I think that from the very beginning associates would believe Sullivan & Cromwell’s pay structure to be fair and very attractive because it seems that the payment depends on one’s knowledge. Still, it is not clearly stated how they will assess a professional. The employees are expected to like the pay structure, but it is too high in the market’s perspective. As the competitors downsize and cut payments, the workers are likely to be attracted by the opportunity to earn millions. It would be better to reduce high bonuses, but it may indicate that the company is experiencing a downturn, which may influence the size of the market adversely. The company should motivate the workers to receive one-fourth of their payment from consultancy or clients. As a result, the organization will experience less pressure and create internal competitiveness.
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The distribution of payment at Sullivan & Cromwell is not equal. The base salary was increased once, but then it was not maintained. The increase levels alter each year. In this way, professionals who started to work 4 years ago also faced the situation when the payment was not increased, which was likely to demotivate them. The 3rd to 4th-year professionals face the highest increase, and then the bonuses reduce, which influences the environment adversely, making it biased (Milkovich, Newman, & Gerhart, 2014). It would be better if the pay level was controlled by senior managers. The payment may be increased by 3% during the first 4 years and then by 5%. In this way, the base salary will be increased bit by bit so that the professionals will earn more in the 8th year even without the bonuses. Still, new associates should have an opportunity to make more, as their base salary is much lower than the 7th or 8th-year associates have.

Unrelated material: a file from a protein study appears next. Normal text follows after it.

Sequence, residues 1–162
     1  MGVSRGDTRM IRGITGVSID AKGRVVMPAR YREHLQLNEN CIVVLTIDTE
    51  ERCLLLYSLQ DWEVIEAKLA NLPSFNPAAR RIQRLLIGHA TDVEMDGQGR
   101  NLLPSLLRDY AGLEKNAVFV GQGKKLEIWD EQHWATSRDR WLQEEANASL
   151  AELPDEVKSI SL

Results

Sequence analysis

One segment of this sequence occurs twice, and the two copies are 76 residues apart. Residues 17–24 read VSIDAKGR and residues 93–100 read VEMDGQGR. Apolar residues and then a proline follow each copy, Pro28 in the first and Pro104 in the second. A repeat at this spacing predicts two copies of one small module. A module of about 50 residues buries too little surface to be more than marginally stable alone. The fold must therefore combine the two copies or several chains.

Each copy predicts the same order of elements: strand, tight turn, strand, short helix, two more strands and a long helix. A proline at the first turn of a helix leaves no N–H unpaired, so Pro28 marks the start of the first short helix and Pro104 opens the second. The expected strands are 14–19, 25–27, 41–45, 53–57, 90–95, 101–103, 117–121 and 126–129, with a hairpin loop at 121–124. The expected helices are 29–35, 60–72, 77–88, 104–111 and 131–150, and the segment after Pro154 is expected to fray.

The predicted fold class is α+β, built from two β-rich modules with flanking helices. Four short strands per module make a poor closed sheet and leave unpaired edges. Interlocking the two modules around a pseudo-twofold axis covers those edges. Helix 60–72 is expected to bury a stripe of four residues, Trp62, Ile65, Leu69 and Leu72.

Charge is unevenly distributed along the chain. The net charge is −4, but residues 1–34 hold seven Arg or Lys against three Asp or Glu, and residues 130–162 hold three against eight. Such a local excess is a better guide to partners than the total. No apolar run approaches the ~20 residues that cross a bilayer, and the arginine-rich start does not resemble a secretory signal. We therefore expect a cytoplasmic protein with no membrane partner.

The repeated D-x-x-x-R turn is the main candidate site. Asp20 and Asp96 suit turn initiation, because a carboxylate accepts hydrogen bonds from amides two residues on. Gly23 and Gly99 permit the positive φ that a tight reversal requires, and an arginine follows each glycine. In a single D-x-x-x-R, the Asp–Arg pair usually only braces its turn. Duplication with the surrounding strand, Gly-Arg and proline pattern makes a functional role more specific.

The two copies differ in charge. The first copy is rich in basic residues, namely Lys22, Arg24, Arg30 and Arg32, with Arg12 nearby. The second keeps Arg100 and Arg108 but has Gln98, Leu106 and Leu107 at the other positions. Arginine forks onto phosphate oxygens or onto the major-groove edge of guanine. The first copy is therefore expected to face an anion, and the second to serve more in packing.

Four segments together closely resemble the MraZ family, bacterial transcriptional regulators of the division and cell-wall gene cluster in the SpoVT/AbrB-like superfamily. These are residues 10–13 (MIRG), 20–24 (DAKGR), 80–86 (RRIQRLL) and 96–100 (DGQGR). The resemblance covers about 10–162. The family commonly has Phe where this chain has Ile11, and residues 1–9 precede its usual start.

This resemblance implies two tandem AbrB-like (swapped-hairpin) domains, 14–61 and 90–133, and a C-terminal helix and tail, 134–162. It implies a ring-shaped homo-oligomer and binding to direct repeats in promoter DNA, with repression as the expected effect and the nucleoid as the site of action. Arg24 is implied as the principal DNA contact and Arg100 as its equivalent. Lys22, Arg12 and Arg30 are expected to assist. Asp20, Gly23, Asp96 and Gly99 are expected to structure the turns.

In his article published in the Wall Street Journal, Stracher (2006) described Sullivan & Cromwell as a pyramid because of the way the wages are paid. It was underlined that new associates have low income but suffer much stress and work long hours. Still, the author did not discuss the differences in the work and its value. Just like in Merrill Lynch, the partners of Sullivan & Cromwell receive more appreciation as they have a wide range of duties and need to deal with more vital and complicated tasks (Zaleski, 2011).
If the company reduces the bonuses, current, and possible future employees maybe not willing to work and be focused on the firm’s goal (Zinn, 2009). New associates would agree to stay if the targets were simplified so that they have enough time for private lives (Moore, 2007). Except for that, the employees may consider that the company faces financial problems and is not generating decent revenue. In this way, Sullivan & Cromwell are likely to face problems with recruitment and retention if the organization reduces the bonuses or removes this system at all.
Sullivan & Cromwell and Dewey & LeBoeuf seem to have similar approaches but Sullivan & Cromwell pay more attention to skills the workers have while Dewey & LeBoeuf are focused on people. The second organization is paying the employees for being talented individuals but not for the advantageous things they do for the company. Thus, the disadvantage is an unjustified commitment to loyalty only. In this way, the advantage of the approach used by Sullivan & Cromwell is the emphasis on the motivation to do one’s best and constantly improve performance (Stringer, Didham, & Theivananthampillai, 2011).
Milkovich, G., Newman, J., & Gerhart, B. (2014). Compensation (11th ed.). New York: McGraw-Hill Education.
Moore, F. (2007). Work-life balance: contrasting managers and workers in an MNC. Employee Relations, 29(4), 385-399.
Stracher, C. (2006). Cut My Salary, Please! Web.
Stringer, C., Didham, J., & Theivananthampillai, P. (2011). Motivation, pay satisfaction, and job satisfaction of front-line employees. Qualitative Research in Accounting and Management, 8(2), 161-179.
Zaleski, K. (2011). Merrill Lynch gave top earners $209 million in 2008. Web.
Zinn, M. (2009). Salary and bonus caps: their impact on the battle for high-level executive talent. Corporate Finance Review, 13(5), 22-26.